[tlhIngan Hol] How to force the adverb on a specific target

SuStel sustel at trimboli.name
Sat Jun 18 05:48:26 PDT 2016

On 6/18/2016 5:30 AM, mayqel qunenoS wrote:
> {verenganarvo' naDev pawlaw' (Hat SeHmeH janwIj)}. With the intended
> meaning being "but the air conditioner, apparently came here from
> ferenginar".
> The greek/english original sentence, wishes to express the
> "seemingly/apparently" meaning, with regards to "where the a/c came
> from" ; not with regards to "its arrival".
> But when I shoved the {-law'} on the {paw}, the "seemingly/apparently"
> meaning  went on the {paw}. So the klingon sentence took the meaning :
> "but the airconditioner (seemingly arrived = i.e. perhaps it didn't
> arrive) from ferenginar)"

*-law'* doesn't only apply to the verb; it applies to the entire 
sentence. *verenganarvo' naDev pawlaw'pu' Hat SeHmeH janwIj* /my 
temperature-control device arrived here from Ferenginar—I believe this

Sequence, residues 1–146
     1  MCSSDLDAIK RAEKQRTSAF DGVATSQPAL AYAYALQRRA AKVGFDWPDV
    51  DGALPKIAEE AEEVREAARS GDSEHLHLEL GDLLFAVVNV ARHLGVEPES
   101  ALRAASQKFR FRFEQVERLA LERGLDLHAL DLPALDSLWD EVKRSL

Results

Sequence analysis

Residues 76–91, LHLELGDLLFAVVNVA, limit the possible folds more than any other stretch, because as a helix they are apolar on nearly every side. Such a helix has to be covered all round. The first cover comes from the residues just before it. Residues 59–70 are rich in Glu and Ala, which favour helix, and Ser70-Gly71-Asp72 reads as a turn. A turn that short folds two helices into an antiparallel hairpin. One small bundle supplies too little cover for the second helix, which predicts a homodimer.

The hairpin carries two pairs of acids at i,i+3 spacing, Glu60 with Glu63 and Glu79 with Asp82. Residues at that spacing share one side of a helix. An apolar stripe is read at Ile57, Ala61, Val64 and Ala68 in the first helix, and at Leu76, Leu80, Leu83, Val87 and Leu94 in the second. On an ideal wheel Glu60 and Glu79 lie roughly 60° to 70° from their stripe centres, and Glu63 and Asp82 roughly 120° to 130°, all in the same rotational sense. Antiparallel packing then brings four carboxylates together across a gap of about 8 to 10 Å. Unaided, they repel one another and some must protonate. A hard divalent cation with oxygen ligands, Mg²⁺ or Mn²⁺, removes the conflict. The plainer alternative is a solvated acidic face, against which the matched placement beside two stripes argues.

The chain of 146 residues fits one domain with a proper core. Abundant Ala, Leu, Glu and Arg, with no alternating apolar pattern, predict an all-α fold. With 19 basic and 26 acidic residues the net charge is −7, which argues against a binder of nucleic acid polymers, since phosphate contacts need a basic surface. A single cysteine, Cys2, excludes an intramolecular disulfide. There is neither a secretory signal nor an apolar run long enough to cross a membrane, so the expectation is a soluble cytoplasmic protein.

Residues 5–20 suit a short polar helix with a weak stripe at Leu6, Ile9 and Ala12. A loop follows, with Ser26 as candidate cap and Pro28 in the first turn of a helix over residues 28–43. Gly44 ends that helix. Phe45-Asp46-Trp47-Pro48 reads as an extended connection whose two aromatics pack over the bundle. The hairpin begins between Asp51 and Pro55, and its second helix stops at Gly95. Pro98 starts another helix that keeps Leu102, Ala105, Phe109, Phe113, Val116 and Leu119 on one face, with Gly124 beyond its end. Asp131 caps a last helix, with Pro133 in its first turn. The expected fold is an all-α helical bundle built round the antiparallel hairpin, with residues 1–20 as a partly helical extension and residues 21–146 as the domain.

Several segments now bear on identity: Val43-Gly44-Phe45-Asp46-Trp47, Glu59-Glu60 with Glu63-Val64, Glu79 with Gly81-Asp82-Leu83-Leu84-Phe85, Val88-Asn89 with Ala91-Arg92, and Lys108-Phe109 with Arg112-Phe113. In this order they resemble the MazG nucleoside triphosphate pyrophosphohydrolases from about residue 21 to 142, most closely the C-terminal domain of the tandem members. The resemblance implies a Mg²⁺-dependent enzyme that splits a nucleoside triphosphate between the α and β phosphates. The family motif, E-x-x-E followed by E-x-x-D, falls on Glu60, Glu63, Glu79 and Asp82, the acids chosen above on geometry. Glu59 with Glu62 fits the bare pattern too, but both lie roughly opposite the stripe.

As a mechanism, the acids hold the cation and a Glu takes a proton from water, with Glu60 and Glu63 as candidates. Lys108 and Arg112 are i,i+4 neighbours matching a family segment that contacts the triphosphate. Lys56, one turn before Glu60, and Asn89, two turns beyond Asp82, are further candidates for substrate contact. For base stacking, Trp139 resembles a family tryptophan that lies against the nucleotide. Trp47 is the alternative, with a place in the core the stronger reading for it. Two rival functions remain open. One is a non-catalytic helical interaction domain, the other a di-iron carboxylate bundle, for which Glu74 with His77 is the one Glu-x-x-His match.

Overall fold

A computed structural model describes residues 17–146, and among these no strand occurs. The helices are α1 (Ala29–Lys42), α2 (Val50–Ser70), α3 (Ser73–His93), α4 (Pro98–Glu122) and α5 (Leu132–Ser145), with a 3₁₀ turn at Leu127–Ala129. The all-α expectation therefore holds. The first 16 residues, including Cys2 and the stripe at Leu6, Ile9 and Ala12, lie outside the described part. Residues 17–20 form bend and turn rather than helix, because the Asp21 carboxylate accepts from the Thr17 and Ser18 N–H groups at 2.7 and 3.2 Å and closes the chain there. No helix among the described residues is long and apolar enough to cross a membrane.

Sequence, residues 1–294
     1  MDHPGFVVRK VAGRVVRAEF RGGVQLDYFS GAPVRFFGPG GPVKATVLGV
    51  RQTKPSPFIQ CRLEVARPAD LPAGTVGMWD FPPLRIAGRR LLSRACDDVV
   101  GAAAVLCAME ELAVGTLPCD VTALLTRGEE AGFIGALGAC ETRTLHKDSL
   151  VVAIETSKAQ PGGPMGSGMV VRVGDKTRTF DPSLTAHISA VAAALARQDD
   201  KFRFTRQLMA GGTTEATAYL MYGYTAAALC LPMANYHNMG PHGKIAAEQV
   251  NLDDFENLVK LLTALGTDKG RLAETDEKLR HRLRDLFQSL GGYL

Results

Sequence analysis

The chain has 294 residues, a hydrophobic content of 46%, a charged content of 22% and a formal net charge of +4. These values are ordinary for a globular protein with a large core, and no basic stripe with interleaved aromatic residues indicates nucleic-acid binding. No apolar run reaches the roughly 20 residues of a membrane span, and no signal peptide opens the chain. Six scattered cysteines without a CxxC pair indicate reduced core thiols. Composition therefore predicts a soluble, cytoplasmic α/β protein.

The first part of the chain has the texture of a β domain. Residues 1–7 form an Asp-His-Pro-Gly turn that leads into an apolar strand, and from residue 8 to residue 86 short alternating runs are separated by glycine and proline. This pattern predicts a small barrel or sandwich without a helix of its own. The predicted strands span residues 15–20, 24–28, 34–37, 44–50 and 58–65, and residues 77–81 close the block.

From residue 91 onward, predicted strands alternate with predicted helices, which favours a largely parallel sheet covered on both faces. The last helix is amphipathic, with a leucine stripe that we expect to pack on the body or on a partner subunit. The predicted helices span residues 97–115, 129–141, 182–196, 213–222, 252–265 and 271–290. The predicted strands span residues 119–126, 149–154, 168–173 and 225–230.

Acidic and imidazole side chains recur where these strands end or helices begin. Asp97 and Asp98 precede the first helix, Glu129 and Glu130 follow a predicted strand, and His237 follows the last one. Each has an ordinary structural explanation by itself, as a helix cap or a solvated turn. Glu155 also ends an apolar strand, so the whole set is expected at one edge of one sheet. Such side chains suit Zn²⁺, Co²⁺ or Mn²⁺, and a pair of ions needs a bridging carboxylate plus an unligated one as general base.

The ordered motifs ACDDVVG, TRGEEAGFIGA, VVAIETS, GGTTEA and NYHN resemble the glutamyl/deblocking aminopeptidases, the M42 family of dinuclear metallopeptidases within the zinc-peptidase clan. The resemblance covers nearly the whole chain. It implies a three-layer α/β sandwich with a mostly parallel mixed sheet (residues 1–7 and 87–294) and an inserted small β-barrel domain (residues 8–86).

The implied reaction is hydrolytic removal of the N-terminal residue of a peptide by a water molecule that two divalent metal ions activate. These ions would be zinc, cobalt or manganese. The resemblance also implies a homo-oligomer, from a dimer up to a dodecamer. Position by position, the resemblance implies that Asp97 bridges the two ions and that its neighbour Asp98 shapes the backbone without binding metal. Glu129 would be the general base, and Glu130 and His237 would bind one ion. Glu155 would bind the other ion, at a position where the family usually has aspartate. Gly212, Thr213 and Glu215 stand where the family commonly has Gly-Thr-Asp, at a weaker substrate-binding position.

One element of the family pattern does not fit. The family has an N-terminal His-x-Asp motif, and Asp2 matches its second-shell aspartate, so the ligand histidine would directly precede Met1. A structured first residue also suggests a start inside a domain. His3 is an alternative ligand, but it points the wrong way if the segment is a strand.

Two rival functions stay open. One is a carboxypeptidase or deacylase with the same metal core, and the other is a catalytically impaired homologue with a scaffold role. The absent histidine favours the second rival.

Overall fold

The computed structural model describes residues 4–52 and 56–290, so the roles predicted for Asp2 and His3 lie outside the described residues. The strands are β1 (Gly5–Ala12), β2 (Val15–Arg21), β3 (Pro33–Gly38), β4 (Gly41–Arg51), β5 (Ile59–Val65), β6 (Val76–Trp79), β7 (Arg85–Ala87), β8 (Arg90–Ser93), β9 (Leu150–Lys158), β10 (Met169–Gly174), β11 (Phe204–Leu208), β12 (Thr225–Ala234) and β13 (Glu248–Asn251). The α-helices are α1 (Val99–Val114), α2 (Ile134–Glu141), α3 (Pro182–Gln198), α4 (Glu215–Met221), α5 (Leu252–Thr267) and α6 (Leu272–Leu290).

to be true./ It doesn't say which part of the sentence is 
uncertain—maybe you're not sure it has arrived here instead of somewhere 
else; maybe you're not sure it came from Ferenginar; maybe you're not 
sure it is the air conditioner that arrived; maybe you're not sure it 
arrived anywhere at all.
> I can't place the {-law'} on a noun, so my next thought would be :
> "why don't I use an adverb".
> But even if I wrote {chaq verenganarvo' naDev paw (Hat SeHmeH
> janwIj)}, then again there would be a problem. Since the adverb refers
> to the verb, then again the meaning would be "perhaps it arrived'. So
> dead end again.

I would never have interpreted *chaq* in this sentence to refer only to 
the verb; I'd have applied it to the entire sentence, just like *-law'.*


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